Description Usage Arguments Details Value Author(s) References See Also Examples

Fits the Ornstein-Uhlenbeck-based Hansen model to data.
The fitting is done using `optim`

or `subplex`

.

1 2 3 4 |

`data` |
Phenotypic data for extant species, i.e., species at the terminal twigs of the phylogenetic tree.
This can either be a single named numeric vector, a list of |

`tree` |
A phylogenetic tree, specified as an |

`regimes` |
A vector of codes, one for each node in the tree, specifying the selective regimes hypothesized to have been operative.
Corresponding to each node, enter the code of the regime hypothesized for the branch segment terminating in that node.
For the root node, because it has no branch segment terminating on it, the regime specification is irrelevant.
If there are |

`sqrt.alpha, sigma` |
These are used to initialize the optimization algorithm.
The selection strength matrix |

`fit` |
If |

`method` |
The method to be used by the optimization algorithm, |

`hessian` |
If |

`...` |
Additional arguments will be passed as |

The Hansen model for the evolution of a multivariate trait *X* along a lineage can be written as a stochastic differential equation (Ito diffusion)

*dX = alpha (theta(t)-X(t)) dt + sigma dB(t),*

where *t* is time along the lineage, *theta(t)* is the optimum trait value, *B(t)* is a standard Wiener process (Brownian motion), and *alpha* and *sigma* are matrices quantifying, respectively, the strength of selection and random drift.
Without loss of generality, one can assume *sigma* is lower-triangular.
This is because only the infinitesimal variance-covariance matrix *sigma^2 = sigma%*%transpose(sigma)* is identifiable, and for any admissible variance-covariance matrix, we can choose *sigma* to be lower-triangular.
Moreover, if we view the basic model as describing evolution on a fitness landscape, then *alpha* will be symmetric and if we further restrict ourselves to the case of stabilizing selection, *alpha* will be positive definite as well.
We make these assumptions and therefore can assume that the matrix *alpha* has a lower-triangular square root.

The `hansen`

code uses unconstrained numerical optimization to maximize the likelihood.
To do this, it parameterizes the *alpha* and *sigma^2* matrices in a special way:
each matrix is parameterized by `nchar*(nchar+1)/2`

parameters, where `nchar`

is the number of quantitative characters.
Specifically, the parameters initialized by the `sqrt.alpha`

argument of `hansen`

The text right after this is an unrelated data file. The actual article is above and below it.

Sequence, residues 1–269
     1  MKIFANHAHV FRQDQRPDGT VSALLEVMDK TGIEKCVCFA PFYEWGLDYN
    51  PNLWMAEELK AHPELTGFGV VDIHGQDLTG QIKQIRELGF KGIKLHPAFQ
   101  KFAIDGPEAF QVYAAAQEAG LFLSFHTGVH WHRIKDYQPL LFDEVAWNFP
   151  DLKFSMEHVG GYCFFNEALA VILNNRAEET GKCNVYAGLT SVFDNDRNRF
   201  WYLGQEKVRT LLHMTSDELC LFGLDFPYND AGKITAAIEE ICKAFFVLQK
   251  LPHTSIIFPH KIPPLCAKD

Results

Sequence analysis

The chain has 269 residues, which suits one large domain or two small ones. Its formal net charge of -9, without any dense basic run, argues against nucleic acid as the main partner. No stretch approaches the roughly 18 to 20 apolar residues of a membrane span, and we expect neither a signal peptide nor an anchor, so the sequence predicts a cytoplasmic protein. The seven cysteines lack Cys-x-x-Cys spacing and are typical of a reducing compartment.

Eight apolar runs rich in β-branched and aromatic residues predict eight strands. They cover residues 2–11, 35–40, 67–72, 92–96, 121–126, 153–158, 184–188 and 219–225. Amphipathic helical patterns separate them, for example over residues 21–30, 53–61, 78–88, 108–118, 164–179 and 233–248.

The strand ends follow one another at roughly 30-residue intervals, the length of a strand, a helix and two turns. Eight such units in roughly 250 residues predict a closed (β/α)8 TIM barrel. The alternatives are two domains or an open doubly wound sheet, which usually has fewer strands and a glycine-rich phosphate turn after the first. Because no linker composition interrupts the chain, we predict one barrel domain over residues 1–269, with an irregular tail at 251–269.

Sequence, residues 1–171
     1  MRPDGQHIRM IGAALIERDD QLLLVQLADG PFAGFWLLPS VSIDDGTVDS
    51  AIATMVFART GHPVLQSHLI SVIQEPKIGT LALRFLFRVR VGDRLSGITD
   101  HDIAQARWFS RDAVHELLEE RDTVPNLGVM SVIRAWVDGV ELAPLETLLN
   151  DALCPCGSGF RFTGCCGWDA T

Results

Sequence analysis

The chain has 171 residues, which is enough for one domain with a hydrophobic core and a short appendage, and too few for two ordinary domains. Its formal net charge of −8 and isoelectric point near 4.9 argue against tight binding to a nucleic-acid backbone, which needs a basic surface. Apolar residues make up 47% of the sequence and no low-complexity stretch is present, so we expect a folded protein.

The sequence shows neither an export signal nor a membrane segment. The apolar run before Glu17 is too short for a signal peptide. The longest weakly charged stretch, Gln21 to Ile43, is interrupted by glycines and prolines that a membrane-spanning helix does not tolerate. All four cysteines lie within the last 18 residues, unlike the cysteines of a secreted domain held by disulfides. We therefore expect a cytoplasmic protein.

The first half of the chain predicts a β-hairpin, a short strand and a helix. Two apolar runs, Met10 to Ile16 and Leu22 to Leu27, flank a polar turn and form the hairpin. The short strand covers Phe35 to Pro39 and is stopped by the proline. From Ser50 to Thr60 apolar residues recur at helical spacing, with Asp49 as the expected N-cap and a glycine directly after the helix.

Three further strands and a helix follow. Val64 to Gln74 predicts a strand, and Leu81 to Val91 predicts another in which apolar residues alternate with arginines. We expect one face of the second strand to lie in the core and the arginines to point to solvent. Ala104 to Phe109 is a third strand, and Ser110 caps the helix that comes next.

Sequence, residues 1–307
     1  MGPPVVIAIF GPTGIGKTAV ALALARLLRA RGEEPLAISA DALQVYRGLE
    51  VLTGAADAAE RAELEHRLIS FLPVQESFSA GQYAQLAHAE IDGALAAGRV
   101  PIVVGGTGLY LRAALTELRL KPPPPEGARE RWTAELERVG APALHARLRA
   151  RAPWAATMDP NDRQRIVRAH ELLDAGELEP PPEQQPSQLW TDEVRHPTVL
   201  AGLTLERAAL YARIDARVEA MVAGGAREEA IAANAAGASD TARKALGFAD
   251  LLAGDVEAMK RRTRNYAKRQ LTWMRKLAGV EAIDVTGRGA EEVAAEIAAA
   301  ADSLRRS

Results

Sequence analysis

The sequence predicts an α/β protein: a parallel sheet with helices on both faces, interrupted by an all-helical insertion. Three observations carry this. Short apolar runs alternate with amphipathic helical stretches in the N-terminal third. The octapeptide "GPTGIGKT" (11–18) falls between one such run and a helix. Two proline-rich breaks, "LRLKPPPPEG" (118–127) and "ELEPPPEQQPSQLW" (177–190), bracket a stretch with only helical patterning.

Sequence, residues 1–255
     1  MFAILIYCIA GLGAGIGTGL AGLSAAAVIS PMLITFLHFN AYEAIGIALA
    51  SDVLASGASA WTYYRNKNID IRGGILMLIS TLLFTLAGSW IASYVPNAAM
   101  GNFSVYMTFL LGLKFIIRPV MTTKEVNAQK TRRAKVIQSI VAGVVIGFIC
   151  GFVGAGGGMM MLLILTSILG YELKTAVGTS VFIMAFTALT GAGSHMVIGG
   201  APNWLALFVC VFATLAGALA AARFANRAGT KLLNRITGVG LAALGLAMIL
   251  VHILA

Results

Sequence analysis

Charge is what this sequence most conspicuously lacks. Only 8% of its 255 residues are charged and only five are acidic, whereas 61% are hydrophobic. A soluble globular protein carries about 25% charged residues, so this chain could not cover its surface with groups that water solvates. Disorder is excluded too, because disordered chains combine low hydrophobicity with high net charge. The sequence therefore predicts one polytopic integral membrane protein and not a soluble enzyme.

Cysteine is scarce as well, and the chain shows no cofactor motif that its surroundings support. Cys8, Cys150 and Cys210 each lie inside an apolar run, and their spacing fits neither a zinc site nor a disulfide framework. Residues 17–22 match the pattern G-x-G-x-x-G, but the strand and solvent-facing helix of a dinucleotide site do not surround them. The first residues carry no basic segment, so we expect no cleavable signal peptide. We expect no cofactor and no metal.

are used to fill the nonzero entries of a lower-triangular matrix (in column-major order), which is then multiplied by its transpose to give the selection-strength matrix.
The parameters specified in `sigma`

fill the nonzero entries in the lower triangular *sigma* matrix.
When `hansen`

is executed, the numerical optimizer maximizes the likelihood over these parameters.
The `print`

, `show`

, and `summary`

methods for the resulting `hansentree`

object display (among other things) the estimated *alpha* and *sigma^2* matrices.
The `coef`

method extracts a named list containing not only these matrices (given as the `alpha.matrix`

and `sigma.sq.matrix`

elements) but also the MLEs returned by the optimizer (as `sqrt.alpha`

and `sigma`

, respectively).
**The latter elements should not be interpreted, but can be used to restart the algorithm, etc.**

`hansen`

returns an object of class `hansentree`

.
For details on the methods of that class, see `hansentree`

.

Aaron A. King <kingaa at umich dot edu>

Butler, M.A. and A.A. King (2004) Phylogenetic comparative analysis: a modeling approach for adaptive evolution. American Naturalist 164:683-695.

`ouchtree`

, `hansentree`

, `optim`

, `bimac`

, `anolis.ssd`

1 2 3 4 5 6 7 8 9 10 11 12 13 14 15 16 17 18 19 20 21 22 23 24 25 26 27 28 29 30 31 32 33 34 35 36 37 38 39 40 41 42 43 44 45 46 47 48 49 | ```
## Not run:
if (require(geiger)) {
### an example data set (Darwin's finches)
data(geospiza)
str(geospiza)
sapply(geospiza,class)
### check the correspondence between data and tree tips:
print(nc <- with(geospiza,name.check(geospiza.tree,geospiza.data)))
### looks like one of the terminal twigs has no data associated
### drop that tip:
tree <- with(geospiza,drop.tip(geospiza.tree,nc$tree_not_data))
dat <- as.data.frame(geospiza$dat)
### make an ouchtree out of the phy-format tree
ot <- ape2ouch(tree)
### merge data with tree info
otd <- as(ot,"data.frame")
### in these data, it so happens that the rownames correspond to node names
### we will exploit this correspondence in the 'merge' operation:
dat$labels <- rownames(dat)
otd <- merge(otd,dat,by="labels",all=TRUE)
rownames(otd) <- otd$nodes
print(otd)
### this data-frame now contains the data as well as the tree geometry
### now remake the ouch tree
ot <- with(otd,ouchtree(nodes=nodes,ancestors=ancestors,times=times,labels=labels))
b1 <- brown(tree=ot,data=otd[c("tarsusL","beakD")])
summary(b1)
### evaluate an OU model with a single, global selective regime
otd$regimes <- as.factor("global")
h1 <- hansen(
tree=ot,
data=otd[c("tarsusL","beakD")],
regimes=otd["regimes"],
sqrt.alpha=c(1,0,1),
sigma=c(1,0,1),
maxit=10000
)
summary(h1)
}
## End(Not run)
``` |

ouch documentation built on May 29, 2017, 11:53 a.m.

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